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This week Years 5 and 6 had a chance to demonstrate their critical thinking and problem-solving abilities to teachers, peers and parents as part of their Spectacular STEM Showcase.
Planning how to protect the astronauts who will explore Mars in the 2030s has been a stellar classroom activity for our Year 5 students, spurred on by a recent visit from a former senior scientist at NASA. Mrs Jacqui Cavaglia, a current Wenona parent, spent 20 years working at the Kennedy Space Center in Florida and the Johnson Space Center in Houston. She spoke to the girls about her own research into space travel and was interested to hear about their research projects, which included: eating food in space; growing plants on Mars; the daily routine of an astronaut; and why it is important for astronauts to have a good sense of smell.
The students were thrilled to learn that Scott Kelly, the American astronaut who spent 11 months on the International Space Station, is a personal friend of Mrs Cavaglia. They were particularly fascinated to hear about Mrs Cavaglia’s trip on the “Vomit Comet”, NASA’s specially fitted aircraft that introduces astronauts to the feeling of zero-gravity spaceflight. It dips and climbs through the air to simulate the feeling of weightlessness in 20 to 25-second intervals. The downside is that the sudden change makes a lot of astronauts feel very, very ill, hence its name. For the record, Mrs Cavaglia did not vomit!
After weeks of research into the risk factors and challenges that play a role in space travel, the students presented their findings at the Spectacular STEM Showcase this week.
The students shared a galaxy of interesting facts about planetary exploration with their audience. For example, astronauts lose a lot of calcium essential to their bones in space, so they have to do up to two hours of exercises each day and eat a special diet.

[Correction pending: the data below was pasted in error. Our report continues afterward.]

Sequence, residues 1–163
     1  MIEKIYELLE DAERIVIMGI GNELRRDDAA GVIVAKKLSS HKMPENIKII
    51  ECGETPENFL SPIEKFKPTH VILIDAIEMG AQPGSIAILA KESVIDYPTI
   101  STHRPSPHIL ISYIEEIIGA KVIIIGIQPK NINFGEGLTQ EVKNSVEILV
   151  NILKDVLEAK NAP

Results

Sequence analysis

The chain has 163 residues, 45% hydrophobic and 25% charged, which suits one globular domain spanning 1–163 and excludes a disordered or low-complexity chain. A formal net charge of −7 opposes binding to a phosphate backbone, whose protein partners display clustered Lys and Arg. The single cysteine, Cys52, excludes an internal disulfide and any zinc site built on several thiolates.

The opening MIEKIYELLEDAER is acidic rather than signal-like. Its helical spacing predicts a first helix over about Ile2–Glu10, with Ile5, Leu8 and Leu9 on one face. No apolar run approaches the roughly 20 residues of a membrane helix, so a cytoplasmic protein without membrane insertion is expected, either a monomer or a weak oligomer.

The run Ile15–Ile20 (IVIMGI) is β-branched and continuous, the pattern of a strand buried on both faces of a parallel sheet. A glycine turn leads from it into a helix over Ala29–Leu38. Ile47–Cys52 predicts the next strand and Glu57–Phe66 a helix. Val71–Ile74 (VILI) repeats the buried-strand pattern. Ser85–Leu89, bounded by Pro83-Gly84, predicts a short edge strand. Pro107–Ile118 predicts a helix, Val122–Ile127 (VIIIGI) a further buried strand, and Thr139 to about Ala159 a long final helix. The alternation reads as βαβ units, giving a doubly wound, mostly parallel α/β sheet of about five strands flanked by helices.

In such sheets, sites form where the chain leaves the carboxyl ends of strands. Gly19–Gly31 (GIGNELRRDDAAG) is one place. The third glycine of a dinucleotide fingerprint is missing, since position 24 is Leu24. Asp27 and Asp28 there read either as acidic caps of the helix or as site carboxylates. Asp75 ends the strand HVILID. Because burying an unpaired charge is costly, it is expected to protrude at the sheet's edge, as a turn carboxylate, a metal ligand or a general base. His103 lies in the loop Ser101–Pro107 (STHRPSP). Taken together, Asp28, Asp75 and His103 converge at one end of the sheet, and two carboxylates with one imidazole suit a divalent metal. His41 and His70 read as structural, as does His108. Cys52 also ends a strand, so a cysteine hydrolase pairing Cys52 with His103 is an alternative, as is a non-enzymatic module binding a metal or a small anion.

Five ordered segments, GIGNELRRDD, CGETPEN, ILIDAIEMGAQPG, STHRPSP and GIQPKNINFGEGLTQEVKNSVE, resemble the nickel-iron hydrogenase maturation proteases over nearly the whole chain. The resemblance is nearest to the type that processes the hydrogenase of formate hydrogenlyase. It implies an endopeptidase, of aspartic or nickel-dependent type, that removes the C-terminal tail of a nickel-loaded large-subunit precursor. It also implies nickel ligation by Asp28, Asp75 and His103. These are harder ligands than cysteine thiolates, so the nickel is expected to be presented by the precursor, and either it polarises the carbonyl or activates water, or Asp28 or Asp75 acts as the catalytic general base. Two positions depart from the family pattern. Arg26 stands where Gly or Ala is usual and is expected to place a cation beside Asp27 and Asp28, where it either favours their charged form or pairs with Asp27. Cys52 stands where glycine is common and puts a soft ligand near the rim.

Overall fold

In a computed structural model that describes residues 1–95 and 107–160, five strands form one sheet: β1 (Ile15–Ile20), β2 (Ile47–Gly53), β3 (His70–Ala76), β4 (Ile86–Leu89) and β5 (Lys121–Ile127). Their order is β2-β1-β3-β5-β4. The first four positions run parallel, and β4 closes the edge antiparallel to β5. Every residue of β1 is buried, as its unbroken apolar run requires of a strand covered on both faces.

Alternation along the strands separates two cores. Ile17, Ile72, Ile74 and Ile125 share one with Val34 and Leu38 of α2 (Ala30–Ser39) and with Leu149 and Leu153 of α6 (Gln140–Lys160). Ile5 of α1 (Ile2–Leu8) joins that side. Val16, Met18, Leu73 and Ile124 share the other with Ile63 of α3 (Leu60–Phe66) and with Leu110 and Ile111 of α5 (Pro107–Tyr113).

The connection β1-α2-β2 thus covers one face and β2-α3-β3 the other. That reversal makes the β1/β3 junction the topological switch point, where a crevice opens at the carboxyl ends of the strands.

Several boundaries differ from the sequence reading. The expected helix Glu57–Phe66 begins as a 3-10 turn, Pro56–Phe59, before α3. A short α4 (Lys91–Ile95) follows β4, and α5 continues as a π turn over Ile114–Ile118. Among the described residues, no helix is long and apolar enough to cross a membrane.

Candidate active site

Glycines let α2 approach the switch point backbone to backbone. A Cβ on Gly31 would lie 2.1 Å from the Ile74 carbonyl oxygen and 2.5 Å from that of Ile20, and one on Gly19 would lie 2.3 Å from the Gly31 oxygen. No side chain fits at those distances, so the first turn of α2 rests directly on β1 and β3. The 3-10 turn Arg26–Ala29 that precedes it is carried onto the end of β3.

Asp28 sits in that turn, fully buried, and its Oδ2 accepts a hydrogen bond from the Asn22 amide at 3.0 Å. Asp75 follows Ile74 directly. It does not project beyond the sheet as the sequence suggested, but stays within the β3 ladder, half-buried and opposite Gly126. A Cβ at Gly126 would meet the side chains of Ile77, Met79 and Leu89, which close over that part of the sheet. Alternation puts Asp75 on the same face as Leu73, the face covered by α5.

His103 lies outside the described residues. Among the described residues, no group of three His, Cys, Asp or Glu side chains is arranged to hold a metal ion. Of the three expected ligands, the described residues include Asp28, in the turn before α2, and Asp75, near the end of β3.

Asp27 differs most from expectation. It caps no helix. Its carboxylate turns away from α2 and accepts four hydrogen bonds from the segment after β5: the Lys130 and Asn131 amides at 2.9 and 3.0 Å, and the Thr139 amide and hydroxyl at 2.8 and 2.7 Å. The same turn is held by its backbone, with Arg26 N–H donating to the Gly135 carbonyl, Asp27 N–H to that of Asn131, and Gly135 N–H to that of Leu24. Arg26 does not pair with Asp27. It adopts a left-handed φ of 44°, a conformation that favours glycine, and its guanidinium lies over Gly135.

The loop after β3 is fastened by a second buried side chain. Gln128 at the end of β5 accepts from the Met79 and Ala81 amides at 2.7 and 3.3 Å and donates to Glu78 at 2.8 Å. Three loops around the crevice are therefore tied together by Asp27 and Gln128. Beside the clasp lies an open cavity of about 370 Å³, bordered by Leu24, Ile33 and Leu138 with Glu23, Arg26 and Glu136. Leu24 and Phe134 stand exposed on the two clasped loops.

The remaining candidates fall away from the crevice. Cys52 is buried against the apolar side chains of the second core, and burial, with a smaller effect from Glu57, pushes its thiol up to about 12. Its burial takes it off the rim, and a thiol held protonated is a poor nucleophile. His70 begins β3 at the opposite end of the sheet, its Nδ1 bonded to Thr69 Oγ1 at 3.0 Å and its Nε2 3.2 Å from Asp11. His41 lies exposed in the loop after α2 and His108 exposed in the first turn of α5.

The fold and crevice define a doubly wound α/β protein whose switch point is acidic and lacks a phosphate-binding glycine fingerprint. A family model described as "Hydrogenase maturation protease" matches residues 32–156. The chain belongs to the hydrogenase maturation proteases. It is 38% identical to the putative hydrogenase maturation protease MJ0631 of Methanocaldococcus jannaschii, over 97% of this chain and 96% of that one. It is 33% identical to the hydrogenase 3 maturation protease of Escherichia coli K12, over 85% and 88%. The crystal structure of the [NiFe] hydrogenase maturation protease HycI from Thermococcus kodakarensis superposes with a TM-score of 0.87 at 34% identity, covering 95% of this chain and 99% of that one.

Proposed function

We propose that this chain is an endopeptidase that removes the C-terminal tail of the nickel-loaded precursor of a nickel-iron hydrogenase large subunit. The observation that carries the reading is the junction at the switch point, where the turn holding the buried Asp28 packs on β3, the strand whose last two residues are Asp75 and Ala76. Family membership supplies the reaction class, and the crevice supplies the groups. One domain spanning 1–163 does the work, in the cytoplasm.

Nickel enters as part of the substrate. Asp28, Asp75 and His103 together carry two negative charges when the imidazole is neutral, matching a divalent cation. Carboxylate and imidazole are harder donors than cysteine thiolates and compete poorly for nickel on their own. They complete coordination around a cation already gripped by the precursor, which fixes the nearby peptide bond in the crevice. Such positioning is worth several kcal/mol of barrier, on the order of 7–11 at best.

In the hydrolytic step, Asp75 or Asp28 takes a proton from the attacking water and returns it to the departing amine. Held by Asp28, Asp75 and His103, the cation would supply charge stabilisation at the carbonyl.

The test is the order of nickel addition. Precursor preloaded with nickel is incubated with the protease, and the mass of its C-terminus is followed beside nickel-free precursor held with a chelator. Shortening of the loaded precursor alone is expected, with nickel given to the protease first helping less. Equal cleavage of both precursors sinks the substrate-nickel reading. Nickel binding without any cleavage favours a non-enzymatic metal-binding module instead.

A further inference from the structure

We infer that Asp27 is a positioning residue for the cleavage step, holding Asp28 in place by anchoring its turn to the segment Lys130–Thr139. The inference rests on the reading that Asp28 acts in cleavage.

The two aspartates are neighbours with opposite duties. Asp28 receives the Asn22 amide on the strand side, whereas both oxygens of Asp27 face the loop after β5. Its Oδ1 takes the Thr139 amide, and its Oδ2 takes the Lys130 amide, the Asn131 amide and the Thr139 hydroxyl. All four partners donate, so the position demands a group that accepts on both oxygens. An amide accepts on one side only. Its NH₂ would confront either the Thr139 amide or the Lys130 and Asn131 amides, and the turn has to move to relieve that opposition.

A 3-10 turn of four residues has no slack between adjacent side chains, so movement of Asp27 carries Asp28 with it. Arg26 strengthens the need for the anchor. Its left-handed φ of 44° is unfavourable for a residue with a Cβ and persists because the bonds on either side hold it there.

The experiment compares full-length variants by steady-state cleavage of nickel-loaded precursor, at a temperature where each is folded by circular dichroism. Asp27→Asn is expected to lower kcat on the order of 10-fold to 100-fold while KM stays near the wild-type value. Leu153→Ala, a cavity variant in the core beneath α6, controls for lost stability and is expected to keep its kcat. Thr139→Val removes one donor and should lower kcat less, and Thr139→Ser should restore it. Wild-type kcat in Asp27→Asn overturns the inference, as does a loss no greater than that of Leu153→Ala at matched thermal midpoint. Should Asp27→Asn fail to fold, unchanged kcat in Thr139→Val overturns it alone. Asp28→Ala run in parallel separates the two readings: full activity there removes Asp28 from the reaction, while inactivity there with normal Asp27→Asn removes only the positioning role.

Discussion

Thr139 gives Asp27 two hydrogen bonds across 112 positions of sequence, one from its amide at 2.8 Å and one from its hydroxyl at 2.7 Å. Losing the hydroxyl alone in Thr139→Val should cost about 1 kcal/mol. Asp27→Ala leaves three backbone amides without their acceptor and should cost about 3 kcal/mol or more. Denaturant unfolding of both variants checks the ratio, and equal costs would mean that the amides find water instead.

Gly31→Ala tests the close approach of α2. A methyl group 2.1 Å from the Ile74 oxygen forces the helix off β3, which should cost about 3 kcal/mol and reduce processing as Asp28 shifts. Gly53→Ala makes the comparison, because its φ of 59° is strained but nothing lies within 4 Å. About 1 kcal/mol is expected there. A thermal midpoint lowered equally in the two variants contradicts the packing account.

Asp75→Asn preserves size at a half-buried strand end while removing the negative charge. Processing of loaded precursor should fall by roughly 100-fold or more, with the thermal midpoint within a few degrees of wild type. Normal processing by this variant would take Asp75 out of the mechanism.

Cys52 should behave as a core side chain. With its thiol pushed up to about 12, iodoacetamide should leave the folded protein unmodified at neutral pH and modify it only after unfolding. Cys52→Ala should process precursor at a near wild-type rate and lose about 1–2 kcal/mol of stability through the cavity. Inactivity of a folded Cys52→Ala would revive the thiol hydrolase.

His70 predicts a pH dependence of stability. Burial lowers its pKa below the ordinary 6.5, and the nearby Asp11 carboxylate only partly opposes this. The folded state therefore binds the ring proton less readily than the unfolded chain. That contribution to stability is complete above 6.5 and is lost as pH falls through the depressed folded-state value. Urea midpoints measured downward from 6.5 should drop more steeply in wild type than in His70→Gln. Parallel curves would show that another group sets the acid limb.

Year 6’s flexible-thinking was on display at the Showcase with their experiments about ‘matter’. Over the past term, the students have been deeply engaged in experimental research on solids, liquids and gases. For the Showcase, the students collated their data and prepared static displays, including graphs, particle representations, photos and videos.
Some of the weird and wonderful experiments the students have been conducting include which activator makes the stretchiest slime?
Are expensive shampoos worth the extra money?
What type of chocolate melts fastest?
Which substance comes out the best with Vanish and why?
Science can be a messy business on the path to truth, but discovering more about ‘matter’ has captured the imagination and interest of every student.
Parents also had an opportunity to see Year 5’s incredible coding skills, with the girls presenting their interactive board games using Sphero technology.
Well done to the teachers and students in Years 5 and 6 for producing a truly Spectacular STEM Showcase!